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Horticulture Tips

Houseplants Chase Away The Winter Blahs

By Lelia Kelly, David Nagel

Winter can be a dreary, dull time for energetic gardeners. If you are like me, looking through those new plant catalogs has just about gotten you worked into a horticultural froth. Until the weather moderates and you can get outside to do some real gardening, how about relieving the stressful need to do something horticultural by buying a colorful blooming houseplant to enjoy. 

Some of these you can only find during the winter months at garden centers, florist shops, even grocery stores. One of my favorites is the florist type azaleas which are so named because they’re supposed to be only indoor plants. But, I have found these to be hardy outdoors down to about 15 degrees. These plants are offered in colors of red, pink, rose, and bi-colors. They bloom much longer than regular azaleas, starting in winter and continuing through spring. You can buy cute little plants in 3 and 4 inch pots, perfect for displaying atop a small table. Florist azaleas need lots of bright light, preferably from a southern window.  Keep the soil evenly moist. Good drainage is a must.  Don’t feed the plants until six weeks after they finish blooming.  Then feed every two weeks with a general-purpose houseplant fertilizer. In fall, switch to a bloom-booster fertilizer, such as 15-30-15, that’s higher in phosphorus than nitrogen. If you’d like to plant these azaleas outside in the spring, wait until after the last frost.

Another indoor plant with really showy blooms is the Rieger begonias (Begonia x hiemalis.) Their single or double blooms will make you think of rose blossoms. And they span nearly as wide a color range, coming in pink, rose, red, orange, yellow, and white. Riegers need bright light to bloom well, but protect them from hot, afternoon sun, which can burn and curl the leaves.  Good drainage is essential.  Allow the soil surface to dry between watering. Be careful not to overwater, which causes rot. Also, never wet the foliage. While your begonia is blooming, feed it every watering with water soluble, bloom-booster fertilizer. 

When the plant stops blooming, it’s ready for a three-month rest. Cease feeding and cut the stem to 3 inches above the soil line. When new growth appears, resume regular watering and feeding.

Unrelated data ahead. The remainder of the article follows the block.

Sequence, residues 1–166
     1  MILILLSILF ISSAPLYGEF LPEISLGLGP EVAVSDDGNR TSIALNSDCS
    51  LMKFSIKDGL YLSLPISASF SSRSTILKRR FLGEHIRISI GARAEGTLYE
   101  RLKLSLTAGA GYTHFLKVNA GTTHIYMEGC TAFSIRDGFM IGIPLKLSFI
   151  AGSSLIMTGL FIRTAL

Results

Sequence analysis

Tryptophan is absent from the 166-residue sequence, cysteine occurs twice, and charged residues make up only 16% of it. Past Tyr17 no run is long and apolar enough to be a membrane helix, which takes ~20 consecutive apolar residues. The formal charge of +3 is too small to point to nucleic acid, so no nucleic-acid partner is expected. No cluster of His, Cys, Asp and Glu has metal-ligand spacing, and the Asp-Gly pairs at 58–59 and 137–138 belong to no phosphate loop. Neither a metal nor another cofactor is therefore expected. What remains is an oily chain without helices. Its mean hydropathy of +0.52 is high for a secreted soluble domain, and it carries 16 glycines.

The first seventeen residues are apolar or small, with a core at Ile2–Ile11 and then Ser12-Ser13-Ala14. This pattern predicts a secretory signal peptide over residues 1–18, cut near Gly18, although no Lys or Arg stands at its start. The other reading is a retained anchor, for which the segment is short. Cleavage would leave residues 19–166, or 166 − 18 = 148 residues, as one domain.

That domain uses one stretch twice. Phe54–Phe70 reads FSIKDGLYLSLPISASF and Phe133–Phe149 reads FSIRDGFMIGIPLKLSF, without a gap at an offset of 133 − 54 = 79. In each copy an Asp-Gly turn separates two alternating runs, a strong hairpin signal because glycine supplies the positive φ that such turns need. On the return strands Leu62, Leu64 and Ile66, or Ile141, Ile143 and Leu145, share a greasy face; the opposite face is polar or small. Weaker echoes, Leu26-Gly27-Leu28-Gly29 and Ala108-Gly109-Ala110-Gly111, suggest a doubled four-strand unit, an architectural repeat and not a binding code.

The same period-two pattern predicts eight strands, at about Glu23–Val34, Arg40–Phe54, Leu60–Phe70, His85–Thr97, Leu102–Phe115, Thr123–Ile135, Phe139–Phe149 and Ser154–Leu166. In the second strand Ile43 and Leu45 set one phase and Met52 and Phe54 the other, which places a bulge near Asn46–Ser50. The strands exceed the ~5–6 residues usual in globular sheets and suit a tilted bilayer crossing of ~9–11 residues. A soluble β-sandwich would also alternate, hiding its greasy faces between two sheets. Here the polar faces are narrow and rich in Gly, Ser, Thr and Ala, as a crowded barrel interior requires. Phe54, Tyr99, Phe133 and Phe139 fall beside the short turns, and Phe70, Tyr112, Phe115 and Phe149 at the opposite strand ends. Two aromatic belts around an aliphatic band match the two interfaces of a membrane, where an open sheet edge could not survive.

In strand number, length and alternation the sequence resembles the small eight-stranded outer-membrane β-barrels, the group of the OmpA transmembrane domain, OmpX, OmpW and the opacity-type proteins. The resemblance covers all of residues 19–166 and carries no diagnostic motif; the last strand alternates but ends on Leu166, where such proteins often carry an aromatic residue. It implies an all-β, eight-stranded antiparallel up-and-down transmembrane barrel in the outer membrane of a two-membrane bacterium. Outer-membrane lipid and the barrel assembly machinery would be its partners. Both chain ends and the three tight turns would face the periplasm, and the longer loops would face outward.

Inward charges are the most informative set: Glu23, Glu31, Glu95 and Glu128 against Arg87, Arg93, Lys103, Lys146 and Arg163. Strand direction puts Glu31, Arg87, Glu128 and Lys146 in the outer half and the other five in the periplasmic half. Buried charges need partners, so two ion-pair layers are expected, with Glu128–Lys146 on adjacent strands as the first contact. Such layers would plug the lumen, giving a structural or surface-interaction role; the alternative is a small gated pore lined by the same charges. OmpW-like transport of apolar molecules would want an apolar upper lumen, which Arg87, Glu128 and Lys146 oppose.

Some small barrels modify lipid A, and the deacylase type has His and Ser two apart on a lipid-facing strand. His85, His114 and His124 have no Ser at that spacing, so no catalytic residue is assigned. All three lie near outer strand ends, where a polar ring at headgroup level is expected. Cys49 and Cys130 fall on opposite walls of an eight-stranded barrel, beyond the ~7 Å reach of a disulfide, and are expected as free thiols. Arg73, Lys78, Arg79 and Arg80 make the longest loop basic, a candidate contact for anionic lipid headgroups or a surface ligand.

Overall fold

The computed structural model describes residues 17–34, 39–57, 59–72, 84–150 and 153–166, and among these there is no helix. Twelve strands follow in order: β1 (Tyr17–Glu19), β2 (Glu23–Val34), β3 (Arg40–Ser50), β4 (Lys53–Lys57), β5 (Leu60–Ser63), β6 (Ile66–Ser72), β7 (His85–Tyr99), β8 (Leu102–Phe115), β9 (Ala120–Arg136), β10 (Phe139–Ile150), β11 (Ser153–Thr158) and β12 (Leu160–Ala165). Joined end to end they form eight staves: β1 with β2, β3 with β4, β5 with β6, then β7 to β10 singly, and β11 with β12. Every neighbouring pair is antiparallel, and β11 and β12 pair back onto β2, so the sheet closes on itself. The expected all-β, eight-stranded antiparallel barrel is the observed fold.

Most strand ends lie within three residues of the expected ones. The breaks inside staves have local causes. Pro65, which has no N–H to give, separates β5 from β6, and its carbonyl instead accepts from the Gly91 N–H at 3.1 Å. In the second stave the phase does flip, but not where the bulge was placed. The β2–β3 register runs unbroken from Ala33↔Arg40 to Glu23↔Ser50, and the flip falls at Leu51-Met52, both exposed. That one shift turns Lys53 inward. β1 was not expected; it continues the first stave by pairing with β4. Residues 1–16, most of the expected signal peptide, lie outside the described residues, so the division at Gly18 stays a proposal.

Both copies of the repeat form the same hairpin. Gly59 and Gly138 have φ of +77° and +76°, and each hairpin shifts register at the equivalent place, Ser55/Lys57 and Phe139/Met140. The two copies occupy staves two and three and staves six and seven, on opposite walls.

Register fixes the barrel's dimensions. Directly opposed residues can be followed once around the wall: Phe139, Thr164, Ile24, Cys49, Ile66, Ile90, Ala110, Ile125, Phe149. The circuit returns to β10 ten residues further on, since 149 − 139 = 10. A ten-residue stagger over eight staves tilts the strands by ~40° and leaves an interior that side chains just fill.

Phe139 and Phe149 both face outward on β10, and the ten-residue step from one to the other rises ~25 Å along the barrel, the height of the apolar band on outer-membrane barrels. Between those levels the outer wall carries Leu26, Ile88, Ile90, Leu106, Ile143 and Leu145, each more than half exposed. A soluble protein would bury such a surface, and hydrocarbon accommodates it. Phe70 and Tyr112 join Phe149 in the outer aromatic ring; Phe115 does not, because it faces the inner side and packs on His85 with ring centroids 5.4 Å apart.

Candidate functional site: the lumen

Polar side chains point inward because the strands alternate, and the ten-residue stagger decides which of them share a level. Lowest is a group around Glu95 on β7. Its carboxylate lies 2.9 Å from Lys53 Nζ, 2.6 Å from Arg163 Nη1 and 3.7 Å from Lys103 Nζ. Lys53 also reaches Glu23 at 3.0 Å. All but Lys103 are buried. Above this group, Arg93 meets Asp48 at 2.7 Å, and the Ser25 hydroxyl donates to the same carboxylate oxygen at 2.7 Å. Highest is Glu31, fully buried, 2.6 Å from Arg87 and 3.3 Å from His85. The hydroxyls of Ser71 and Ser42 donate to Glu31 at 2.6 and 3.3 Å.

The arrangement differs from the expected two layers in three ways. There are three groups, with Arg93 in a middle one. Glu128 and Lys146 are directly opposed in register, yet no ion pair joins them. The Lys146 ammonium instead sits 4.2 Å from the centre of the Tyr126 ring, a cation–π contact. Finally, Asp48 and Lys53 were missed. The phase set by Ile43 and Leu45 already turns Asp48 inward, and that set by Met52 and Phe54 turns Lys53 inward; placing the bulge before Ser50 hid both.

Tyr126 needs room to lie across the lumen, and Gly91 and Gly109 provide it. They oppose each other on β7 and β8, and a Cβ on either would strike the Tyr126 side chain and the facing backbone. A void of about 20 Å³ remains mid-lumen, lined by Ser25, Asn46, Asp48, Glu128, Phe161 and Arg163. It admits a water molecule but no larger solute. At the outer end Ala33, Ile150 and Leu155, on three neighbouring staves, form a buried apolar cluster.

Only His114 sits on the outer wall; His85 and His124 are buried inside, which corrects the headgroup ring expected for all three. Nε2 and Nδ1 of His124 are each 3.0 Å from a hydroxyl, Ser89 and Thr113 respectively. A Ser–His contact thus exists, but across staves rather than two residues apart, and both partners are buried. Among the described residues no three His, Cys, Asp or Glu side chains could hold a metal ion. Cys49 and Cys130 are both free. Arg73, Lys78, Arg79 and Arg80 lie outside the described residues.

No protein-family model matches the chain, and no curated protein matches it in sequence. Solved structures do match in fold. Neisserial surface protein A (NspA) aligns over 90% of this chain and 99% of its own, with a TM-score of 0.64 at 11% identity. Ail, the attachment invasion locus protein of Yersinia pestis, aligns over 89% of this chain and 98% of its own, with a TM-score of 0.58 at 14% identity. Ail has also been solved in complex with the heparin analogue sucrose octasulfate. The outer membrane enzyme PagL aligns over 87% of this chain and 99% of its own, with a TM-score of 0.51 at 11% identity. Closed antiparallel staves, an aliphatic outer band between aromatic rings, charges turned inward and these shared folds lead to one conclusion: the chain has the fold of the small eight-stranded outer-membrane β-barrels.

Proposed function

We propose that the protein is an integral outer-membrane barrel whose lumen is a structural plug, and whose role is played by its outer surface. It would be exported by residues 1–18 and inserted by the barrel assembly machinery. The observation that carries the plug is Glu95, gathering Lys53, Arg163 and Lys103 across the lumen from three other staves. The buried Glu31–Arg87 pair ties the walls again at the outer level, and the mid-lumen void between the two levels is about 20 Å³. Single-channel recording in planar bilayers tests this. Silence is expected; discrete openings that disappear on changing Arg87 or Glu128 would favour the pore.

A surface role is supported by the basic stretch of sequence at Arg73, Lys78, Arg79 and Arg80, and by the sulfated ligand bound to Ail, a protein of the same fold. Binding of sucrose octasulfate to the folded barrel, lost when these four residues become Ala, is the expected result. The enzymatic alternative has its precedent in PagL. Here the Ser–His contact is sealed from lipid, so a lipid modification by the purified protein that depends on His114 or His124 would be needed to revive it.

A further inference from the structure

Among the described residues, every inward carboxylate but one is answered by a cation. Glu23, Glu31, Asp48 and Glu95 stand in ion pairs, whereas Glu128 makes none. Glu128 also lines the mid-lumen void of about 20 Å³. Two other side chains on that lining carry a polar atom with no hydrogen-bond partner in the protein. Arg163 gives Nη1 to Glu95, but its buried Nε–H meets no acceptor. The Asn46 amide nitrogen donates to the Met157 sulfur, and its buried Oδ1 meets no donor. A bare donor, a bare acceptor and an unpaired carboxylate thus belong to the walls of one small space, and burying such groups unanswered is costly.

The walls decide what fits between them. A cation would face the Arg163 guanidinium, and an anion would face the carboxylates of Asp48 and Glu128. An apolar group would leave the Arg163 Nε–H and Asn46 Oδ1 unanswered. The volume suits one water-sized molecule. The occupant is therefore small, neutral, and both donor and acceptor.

One spectacular blooming plant to look for is the cineraria (Senecio cruentus.) These have blooms that are almost too perfect to be real. The daisy like blooms can be blue, pink, or red and nearly smother the foliage. This is one you probably won’t find except during the winter months because they love cool temperatures, but also bright light.

 Watering them can be a bit tricky. If you overwater, they’ll rot. But if you underwater they’ll wilt almost immediately. Let the soil surface dry slightly between watering and be sure the container drains freely.  You folks who do not like to coddle houseplants to get them to rebloom are going to love this one, as after it finishes blooming just chunk it in the compost.  These are short-lived annuals—just think of it as  a glorified cut flower and you’ll feel better about tossing it.


Vegetables

Inspect your vegetable plants in the garden for aphids. These sap sucking insects are taking advantage of the  plant growth from warmer temperatures and colonizing the underside of leaves. They can be washed away with a strong stream of water or killed with an application of insecticidal soap. Don’t use dish washing liquid. The detergents and surfactants that make the dishes so clean will remove the wax from the leaves.

You might be able to convince your garden center to order some potatoes for planting even now. Some of the seed suppliers have established warehouses in Arizona and other south western states that allows shipment this time of year.

Consider planting a savoy leafed cabbage in your spring garden. Recent research has shown savoy leafed cabbaged to be a little higher in cancer fighting compounds than regular head cabbage, The crinkled leaves make a milder,  less dense cole slaw then regular cabbage, broccoli stems or kohlrabi. To get the most benefit from the natural anti-cancer compounds eat cabbage family vegetables raw, steamed, or briefly cooked since long exposure to heat will lessen the effectiveness of the compounds.

 

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